Fine line between stupid, and uh…

Spinal Tap fans celebrate cult-classic comedy

I came across this article on Huffington Post’s website about a one-time only celebration on 11-11-11 – Nigel Tufnel Day.

Tufnel, a character from the absolutely hilarious cult-classic movie Spinal Tap played by actor Christopher Guest, has had the honour bestowed upon him by fans of the comedy (they even created numerous Facebook pages).

The choice to have the celebrations on 11-11-11 is based on a reference to the fictional band’s amp settings. Enjoy the clip, it’s funny as hell.

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Should’ve gone as Dracula

I’m not saying Rafi Torres is racist, he just lacks common sense

Now, I understand that Halloween is a time for people to dress up, but Raffi Torres’ costume crossed a line. Most people would instinctively know that dressing up in blackface is in incredibly poor taste, but somehow this fact alluded the Vancouver Canucks forward.

The NHL player dressed up as rapper Jay-Z for Halloween – complete with darkened skin (he’s reportedly a huge fan of the rapper), and his wife dressed up as Beyonce.  Many were quick to say the player’s decision was harmless, while others criticized his judgment.

Torres’ agent, Eustace King said that the intent of his costume wasn’t malicious. Speaking to Post Sports columnist Bruce Arthur on TSN Radio, he said that he understood where people were coming from. “Do I understand where people are coming from? Absolutely. And there’s an education side to it. In Canada, the culture is different. You’re not taught this in school […] Raffi had no clue there was a direct connection.”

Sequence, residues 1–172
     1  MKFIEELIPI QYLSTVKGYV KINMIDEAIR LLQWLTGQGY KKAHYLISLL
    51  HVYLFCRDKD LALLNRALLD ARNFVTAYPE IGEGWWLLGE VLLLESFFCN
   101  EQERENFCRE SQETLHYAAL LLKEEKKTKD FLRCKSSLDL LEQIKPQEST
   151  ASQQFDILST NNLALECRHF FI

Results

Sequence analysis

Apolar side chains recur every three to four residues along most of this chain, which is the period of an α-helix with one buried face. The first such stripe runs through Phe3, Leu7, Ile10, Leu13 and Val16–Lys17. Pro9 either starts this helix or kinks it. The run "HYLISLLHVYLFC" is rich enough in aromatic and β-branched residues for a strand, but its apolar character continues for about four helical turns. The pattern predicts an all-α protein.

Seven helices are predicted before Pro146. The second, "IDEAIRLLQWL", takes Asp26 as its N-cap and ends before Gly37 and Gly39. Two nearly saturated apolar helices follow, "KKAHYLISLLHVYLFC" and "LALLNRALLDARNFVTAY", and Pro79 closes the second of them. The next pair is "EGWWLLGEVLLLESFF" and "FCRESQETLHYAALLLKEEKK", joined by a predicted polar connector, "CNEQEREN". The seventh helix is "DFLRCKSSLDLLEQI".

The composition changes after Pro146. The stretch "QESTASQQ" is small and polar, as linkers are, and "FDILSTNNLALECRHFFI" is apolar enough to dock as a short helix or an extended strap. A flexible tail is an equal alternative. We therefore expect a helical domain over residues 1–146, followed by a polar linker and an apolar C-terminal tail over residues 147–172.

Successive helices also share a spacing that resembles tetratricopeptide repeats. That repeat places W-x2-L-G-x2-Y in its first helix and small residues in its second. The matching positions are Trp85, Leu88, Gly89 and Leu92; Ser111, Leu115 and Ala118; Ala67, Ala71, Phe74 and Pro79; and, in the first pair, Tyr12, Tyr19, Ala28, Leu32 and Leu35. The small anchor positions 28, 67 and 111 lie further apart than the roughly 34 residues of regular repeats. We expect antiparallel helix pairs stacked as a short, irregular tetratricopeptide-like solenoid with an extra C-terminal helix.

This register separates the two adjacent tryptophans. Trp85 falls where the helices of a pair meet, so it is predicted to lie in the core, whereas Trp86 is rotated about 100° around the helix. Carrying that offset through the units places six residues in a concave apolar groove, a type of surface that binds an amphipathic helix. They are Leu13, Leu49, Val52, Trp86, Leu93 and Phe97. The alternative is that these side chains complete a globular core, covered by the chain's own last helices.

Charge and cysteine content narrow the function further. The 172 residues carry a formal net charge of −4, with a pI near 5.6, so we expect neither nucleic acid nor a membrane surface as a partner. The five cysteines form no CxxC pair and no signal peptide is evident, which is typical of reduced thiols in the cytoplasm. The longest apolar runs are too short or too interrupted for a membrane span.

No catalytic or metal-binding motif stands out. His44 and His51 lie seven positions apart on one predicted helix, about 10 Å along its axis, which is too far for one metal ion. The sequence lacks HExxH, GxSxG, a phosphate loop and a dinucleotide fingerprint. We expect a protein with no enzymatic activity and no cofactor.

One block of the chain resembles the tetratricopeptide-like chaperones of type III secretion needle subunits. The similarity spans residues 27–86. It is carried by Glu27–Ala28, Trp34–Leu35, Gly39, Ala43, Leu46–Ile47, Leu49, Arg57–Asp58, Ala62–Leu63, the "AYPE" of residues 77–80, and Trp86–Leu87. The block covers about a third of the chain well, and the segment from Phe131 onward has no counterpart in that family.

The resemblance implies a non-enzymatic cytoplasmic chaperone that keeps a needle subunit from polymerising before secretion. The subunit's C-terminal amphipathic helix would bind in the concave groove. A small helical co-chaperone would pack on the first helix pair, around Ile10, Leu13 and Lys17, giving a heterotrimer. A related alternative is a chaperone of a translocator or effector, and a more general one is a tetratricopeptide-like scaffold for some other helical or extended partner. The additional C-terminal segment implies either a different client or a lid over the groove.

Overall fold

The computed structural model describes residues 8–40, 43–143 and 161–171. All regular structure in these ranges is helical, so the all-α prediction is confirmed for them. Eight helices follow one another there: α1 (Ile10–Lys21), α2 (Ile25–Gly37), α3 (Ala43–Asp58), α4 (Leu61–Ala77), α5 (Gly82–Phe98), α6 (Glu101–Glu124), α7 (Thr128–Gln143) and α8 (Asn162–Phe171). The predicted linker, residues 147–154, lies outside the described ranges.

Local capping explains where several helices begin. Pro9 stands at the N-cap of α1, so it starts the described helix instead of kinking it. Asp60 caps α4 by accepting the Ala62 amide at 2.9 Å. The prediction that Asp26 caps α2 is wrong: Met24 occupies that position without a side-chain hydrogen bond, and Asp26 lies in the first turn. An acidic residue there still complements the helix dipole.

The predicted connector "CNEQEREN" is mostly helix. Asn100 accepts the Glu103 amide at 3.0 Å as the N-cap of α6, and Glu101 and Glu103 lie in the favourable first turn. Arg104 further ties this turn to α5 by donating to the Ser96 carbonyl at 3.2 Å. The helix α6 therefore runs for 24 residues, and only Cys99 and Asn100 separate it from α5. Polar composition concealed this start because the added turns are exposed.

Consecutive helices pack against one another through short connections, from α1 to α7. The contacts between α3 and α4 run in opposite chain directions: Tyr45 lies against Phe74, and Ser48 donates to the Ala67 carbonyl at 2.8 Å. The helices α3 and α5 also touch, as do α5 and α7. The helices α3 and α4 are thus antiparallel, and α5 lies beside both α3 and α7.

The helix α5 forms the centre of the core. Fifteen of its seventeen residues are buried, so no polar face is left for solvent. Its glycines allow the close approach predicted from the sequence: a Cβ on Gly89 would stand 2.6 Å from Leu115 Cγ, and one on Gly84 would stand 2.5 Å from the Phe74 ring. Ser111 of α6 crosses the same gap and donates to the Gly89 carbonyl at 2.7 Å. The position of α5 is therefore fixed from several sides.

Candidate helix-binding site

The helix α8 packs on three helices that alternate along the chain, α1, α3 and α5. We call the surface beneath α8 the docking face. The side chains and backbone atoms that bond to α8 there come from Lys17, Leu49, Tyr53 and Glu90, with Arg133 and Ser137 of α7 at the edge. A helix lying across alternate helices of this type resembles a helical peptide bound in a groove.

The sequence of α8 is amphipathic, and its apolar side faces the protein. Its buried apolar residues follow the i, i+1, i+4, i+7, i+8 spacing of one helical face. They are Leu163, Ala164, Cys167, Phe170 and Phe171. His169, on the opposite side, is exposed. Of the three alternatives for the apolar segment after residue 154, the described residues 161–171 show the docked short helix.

Arthur went further, stating “Canada has no notable tradition of blackface, and it is not exactly taught in our schools. For many Canadians, how would we know?”

Answer: We just know it’s wrong and in poor taste.

Thomas Drance of Canucks Army criticized Torres’ lack of judgment. He wrote, “Seriously people, don’t do it, don’t wear blackface on Halloween, or ever. It’s stupid, it’s ignorant, and it just doesn’t fly. […] Even if Raffi’s Halloween costume bears little resemblance to the blackface of minstrel shows, the subject is too loaded to be a source of humour. It’s off limits.”

I tend to agree with Drance. Torres’ decision was in incredibly poor taste, and frankly, he should’ve at least been aware that this would upset people.

But that’s just my opinion – I welcome yours.

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What’s so peaceful about it?

Canadians seem to have a common misperception about the role of the military

The Canadian government announced that it’s planning to spend as much as $477-million to participate in a U.S.-led military satellite program, according to an article in the National Post.

The Wideband Global Satellite system has been advertised by the U.S. Defense Department as a communications system for “U.S. warfighters, allies and coalition partners during all levels of conflict, short of nuclear war.”

The idea is to have as many as nine military satellites hovering over different parts of the world, ready to provide high-frequency bandwidth for U.S. and allied forces wherever they may be operating.

Understandably, reaction was mixed on the paper’s message board. I’ve come to really appreciate the discourse in these forums – from intelligent and thought-provoking comments, to the unbelievably asinine rants and tangents that have no connection to the articles – and, predictably, one comment really irked me.